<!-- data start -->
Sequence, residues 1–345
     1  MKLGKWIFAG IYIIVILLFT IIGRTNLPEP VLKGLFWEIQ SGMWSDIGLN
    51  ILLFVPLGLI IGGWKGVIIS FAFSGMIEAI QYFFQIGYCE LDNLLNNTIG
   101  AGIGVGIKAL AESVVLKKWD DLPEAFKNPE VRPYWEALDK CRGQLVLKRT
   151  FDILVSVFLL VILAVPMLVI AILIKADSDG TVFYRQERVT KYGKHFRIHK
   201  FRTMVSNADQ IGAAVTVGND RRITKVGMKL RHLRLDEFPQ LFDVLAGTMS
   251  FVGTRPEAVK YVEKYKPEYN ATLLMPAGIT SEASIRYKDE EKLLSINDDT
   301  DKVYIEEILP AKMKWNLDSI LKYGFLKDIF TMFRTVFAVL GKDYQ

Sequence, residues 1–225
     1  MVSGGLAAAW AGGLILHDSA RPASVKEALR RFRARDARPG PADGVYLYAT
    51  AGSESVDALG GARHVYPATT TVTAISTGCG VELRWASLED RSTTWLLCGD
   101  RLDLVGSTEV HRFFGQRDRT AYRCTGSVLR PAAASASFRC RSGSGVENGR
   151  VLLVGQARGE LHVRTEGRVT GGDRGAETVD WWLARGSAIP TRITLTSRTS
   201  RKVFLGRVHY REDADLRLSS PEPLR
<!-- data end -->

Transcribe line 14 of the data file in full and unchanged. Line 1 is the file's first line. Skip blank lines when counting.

   201  RKVFLGRVHY REDADLRLSS PEPLR